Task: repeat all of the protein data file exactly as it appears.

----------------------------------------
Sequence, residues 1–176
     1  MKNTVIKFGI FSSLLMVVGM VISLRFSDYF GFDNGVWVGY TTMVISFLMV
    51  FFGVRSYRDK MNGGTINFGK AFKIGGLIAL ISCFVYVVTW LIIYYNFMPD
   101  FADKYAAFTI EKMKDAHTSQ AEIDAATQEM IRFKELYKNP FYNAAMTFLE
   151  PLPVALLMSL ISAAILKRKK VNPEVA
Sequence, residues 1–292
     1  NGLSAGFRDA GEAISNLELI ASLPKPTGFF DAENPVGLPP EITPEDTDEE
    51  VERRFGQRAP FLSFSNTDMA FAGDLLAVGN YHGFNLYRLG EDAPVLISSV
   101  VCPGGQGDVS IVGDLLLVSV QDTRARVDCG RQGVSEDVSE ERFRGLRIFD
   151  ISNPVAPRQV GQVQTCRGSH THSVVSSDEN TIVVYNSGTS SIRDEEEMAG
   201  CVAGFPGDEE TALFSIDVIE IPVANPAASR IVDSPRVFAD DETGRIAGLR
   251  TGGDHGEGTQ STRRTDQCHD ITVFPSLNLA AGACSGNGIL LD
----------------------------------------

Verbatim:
Sequence, residues 1–176
     1  MKNTVIKFGI FSSLLMVVGM VISLRFSDYF GFDNGVWVGY TTMVISFLMV
    51  FFGVRSYRDK MNGGTINFGK AFKIGGLIAL ISCFVYVVTW LIIYYNFMPD
   101  FADKYAAFTI EKMKDAHTSQ AEIDAATQEM IRFKELYKNP FYNAAMTFLE
   151  PLPVALLMSL ISAAILKRKK VNPEVA
Sequence, residues 1–292
     1  NGLSAGFRDA GEAISNLELI ASLPKPTGFF DAENPVGLPP EITPEDTDEE
    51  VERRFGQRAP FLSFSNTDMA FAGDLLAVGN YHGFNLYRLG EDAPVLISSV
   101  VCPGGQGDVS IVGDLLLVSV QDTRARVDCG RQGVSEDVSE ERFRGLRIFD
   151  ISNPVAPRQV GQVQTCRGSH THSVVSSDEN TIVVYNSGTS SIRDEEEMAG
   201  CVAGFPGDEE TALFSIDVIE IPVANPAASR IVDSPRVFAD DETGRIAGLR
   251  TGGDHGEGTQ STRRTDQCHD ITVFPSLNLA AGACSGNGIL LD